E: Sometimes, we get a little complacent. We think our lives are zipping along perfectly, just as they should. We think we know it all.
And that is just when life punches us in the gut.
Ryan Bingham likes his life just the way it is. It’s smooth and practiced. No one can clickety clack their way through airport security like he can. He knows all the tricks. He knows what to wear and where to go. He has all the passkeys, all the codecards, all the frequent flyer miles and all the motel chain membership plans. His life is up in the air. He works for an Omaha, Nebraska firm (run by the similarly smooth-talking but less experiences Jason Bateman) that fires people. That’s right. If an exec is too chicken to downsize employees on his or her own, contact Bateman, and he’ll send in Ryan Bingham (or one of his compatriots) to do it instead. And so Ryan lives his life above it all, racking up miles (“I have a number in mind,” he says), lighting down for a terrible moment in stranger’s lives, smoothing it over with platitudes, and flying blissfully away from any mess. He has a patented patter used to calm panicky firees; they are to use this moment as an experience, as a conduit to greatness, as a chance to make of their lives what they’ve always wanted.
He’s not without sympathy, and he’s not a total shyster. He’s evolved a philosophy of non-connection, which he peddles as self-improvement. He gives motivational speeches as a side job, suggesting his listeners divest themselves of an imaginary backpack filled with possessions and emotional ties. It’s a scam on one level (in that he’s too slick for sincerity) but he’s made it his world. He doesn’t want different. He starts a sexy-cool affair with a like minded traveler, the confident, smooth Alex (Farmiga); their passion is at once white hot and utterly detached.
And then Natalie Keener (Kendrick) shows up as an ambitious new hire to revolutionize Bateman’s business. We can save 85% of our travel budget, she claims, by firing people over video conference. Bingham is horrified; not only does that take the true skill out of his job, but where would that leave him? At home in his sterile white apartment with no shot at reaching his magic miles number, no Alex, no keycards, no escape, no snap, no magic. Desperate to prove the importance of actual physical connection to his work, he drags Natalie out on the road with him, to learn the tricks of the trade first hand. (This is preposterous, frankly. If such a job exists – firing people – why ever would you pay someone to do it over the computer? Surely that doesn’t take sufficient heat off the coward in the front office?) In the end, they teach each other. What does Ryan learn from this threat to his world? Is it all smooth sailing from here? Is he content to live a life without entanglements? And if not, what then?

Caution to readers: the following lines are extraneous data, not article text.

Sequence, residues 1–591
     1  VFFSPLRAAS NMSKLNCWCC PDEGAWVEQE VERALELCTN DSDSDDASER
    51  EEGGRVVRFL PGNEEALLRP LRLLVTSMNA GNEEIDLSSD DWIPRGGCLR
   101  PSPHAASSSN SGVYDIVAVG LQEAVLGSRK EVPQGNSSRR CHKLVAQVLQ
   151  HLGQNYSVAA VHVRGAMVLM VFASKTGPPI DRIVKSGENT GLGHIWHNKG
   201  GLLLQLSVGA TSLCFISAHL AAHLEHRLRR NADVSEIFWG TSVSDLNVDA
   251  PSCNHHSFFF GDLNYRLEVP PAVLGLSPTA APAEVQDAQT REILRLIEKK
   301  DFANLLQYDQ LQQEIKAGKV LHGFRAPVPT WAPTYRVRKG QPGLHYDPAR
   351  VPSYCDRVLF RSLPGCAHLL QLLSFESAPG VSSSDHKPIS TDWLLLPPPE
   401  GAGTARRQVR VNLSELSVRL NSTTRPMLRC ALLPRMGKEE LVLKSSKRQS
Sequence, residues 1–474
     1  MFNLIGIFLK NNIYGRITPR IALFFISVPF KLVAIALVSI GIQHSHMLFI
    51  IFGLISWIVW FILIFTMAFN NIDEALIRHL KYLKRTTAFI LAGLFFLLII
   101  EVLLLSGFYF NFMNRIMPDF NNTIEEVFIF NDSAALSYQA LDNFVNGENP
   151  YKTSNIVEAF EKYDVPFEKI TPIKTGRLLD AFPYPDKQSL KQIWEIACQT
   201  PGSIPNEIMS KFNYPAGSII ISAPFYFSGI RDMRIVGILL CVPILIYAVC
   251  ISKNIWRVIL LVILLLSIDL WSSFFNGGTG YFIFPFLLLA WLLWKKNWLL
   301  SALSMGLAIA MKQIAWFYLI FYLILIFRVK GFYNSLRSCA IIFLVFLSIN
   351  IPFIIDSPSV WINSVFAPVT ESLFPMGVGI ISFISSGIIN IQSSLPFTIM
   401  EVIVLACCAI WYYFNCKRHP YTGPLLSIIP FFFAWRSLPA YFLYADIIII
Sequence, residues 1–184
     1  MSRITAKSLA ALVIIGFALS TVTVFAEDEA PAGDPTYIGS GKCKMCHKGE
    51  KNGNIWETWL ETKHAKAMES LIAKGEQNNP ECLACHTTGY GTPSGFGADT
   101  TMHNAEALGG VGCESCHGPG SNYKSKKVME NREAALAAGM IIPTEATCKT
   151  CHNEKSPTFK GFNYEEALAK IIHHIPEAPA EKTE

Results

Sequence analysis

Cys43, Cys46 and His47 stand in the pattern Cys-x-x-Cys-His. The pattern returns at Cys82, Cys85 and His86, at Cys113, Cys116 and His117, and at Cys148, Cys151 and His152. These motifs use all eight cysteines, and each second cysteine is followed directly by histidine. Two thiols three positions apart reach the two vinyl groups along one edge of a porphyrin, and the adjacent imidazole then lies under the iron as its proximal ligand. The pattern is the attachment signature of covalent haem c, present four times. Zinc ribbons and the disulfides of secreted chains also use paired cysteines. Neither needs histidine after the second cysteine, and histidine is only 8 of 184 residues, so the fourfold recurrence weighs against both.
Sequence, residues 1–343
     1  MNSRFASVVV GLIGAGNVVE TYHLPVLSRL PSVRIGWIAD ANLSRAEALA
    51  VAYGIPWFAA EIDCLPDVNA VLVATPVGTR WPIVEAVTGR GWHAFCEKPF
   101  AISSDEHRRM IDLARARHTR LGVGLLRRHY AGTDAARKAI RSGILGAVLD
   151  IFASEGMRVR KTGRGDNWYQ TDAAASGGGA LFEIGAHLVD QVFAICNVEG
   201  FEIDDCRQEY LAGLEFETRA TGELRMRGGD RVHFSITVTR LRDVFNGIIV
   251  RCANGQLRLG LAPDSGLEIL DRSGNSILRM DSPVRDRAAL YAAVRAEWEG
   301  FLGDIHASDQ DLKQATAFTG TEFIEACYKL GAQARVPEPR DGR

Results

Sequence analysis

Up in the Air seems a lock for a Best Picture nomination; it should also pick up nods for screenplay (it won this category at the Globes) and director. Before Avatar exploded with box office records, Up in the Air was expected to battle The Hurt Locker for the big prize. That seems a unlikely outcome for this year’s most topical comedy, but perhaps not a complete impossibility. Clooney is expected to pick up a nomination (his third) for Best Actor, as are first timers Anna Kendrick and Vera Farmiga. Clooney gets to play slick and heartbroken all in one film; it’s a peach of a role. It was made for him. It is a perfect fit. His win for Syriana has come too recently for a real shot at this prize; if he was going to make a run for it, it would have begun at the Globes. Mo’Nique has the Supporting Actress category sewn up, but the nomination itself will be a huge boost to Clooney’s supporting ladies. Farmiga you may recognize as everyone’s girlfriend in The Departed, and Kendrick as Jessica in the Twilight Saga. Both do excellent work here and seem assured of recognition; Farmiga has been teetering on the edge of it for years, first winning a LA Film Critics award for 2004’s Down to the Bone. (No, don’t worry, there’s no reason you should have heard of it.) Kendrick’s Natalie is a twitchy type-A putting a brave face over insecurities. She followed a boy to Omaha, only to have him dump her; firing people was never what she wanted to do for a living, and though she’s a go getter, she doesn’t have the stomach for the job. (I did find it implausible that she expected to have a couple of kids by the age of 23. She’d have had to get knocked up on graduation, practically. She seems pretty committed to work to want that right away, too. She’s an odd mixture of traditionalist, pragmatist, and romantic.) What Alex Goran is, and what she means to Ryan Bingham, is the movie’s unexpected heart. Will Ryan take the opportunity to make of his life what he never dreamed it could be?
Up in the Air has another unexpected surprise, filled with people who won’t win awards for the experience. Writer/director Jason Reitman interviewed dozens of ordinary American who’ve been downsized, and seamlessly weaves that footage into the film. Those are the people Ryan and Natalie fire. And their real experiences ground Up in the Air‘s wit and glamor with deep and truthful experience. This is their movie. And they ask us – who are you? Does what you do with your days define you? Do your possessions, your house, your car, your mortgage payments, your spouse, your children, your friends? Who do you say you are? And how does that change when your world slips out from under you?